Herb gardens growing popular

DSC_0011Local restaurants have started a trend of delivering fresh, locally grown herbs to guests as part of the dining experience in Sun Peaks — with an enthusiastic response.

Restaurant chefs are utilising their patio space to grow a range of fresh herbs, including basil, thyme, oregano, mint, rosemary, dill, chives, and more.

“Our guests love it. They always comment on it,” says Darren Kashin, executive chef with Sun Peaks Resort Corporation. Kashin helped to develop the herb garden on the Mantles’ patio.

“One of our bartenders grows her own herbs at home, she suggested it to us and we thought it was a great idea. It has a little bit of everything in it and we use it every day,” Kashin says.

Powder Hounds chef Leif Ernst and Voyageur Bistro chef Annie Campbell agree.

“We get a lot of good feedback.” Ernst says. “Almost all our dishes benefit. We use the tarragon in our béarnaise sauce, we use the mint in desserts, and we also make our own herb sauce, which we use in many of our dishes.”

With an opportunity to create exciting variations on dishes, such as Campbells’ favourite, soup, it’s easy to get on board with this new trend. And according to Campbell, the fresh herbs are a hit among guests at Voyageur Bistro. “I think most people like having fresh, local ingredients, so having an herb garden right outside the door is pretty much as fresh and local as you can get.”

Similar to Mantles’ staff coming together to initiate the growing of fresh herbs, the crew at Powder Hounds wanted to come up with a way to better utilise their patio space.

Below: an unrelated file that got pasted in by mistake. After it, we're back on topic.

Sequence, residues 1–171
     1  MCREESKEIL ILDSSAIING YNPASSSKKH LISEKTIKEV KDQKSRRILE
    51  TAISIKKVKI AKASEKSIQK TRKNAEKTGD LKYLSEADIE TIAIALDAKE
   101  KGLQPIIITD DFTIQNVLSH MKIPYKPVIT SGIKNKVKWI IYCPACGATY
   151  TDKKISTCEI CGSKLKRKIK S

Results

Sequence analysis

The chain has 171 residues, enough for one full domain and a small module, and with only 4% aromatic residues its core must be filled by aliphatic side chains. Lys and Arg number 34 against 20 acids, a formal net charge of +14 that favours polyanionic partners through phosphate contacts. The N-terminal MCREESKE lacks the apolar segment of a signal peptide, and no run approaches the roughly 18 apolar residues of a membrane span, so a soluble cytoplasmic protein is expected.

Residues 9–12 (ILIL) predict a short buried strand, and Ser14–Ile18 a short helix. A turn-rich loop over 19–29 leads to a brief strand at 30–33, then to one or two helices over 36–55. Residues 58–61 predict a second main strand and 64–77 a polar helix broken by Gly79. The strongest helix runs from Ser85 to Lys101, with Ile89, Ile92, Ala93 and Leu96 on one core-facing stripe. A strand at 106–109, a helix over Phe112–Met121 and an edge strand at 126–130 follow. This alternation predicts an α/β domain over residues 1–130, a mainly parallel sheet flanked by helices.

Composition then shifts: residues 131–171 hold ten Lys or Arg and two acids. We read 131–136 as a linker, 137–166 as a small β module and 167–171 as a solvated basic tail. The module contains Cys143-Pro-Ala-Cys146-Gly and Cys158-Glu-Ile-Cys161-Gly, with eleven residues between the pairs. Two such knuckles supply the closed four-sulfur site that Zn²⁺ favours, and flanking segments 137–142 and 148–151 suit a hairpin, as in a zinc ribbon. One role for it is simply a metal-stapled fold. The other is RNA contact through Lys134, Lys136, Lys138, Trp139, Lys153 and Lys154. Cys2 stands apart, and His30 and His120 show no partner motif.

“Nikki Kirton, who is one of the waitresses here, and I developed the idea from scratch. We wanted to do something useful with a little spot on the patio, and so we worked together — from the design, to the landscaping, to the planting,” says Ernst.

It’s no surprise local restaurants are being creative about the ingredients they use every day considering the distance suppliers have to travel to deliver products.

“Sometimes it can be hard to get a certain herb unless you order it in big quantities,” explains Campbell. “With our own herb garden I can just take a pinch of this and a pinch of that whenever I need it.”

Fresh herbs are not only coming in handy in the kitchen, but behind the bar as well, with fresh mint a popular addition to many drinks.

Ernst says the herb gardens added to the dining out experience in the mountain community. “If you go out for dinner in a city, how often do you see a restaurant growing its own fresh herbs right next to where you’re dining?”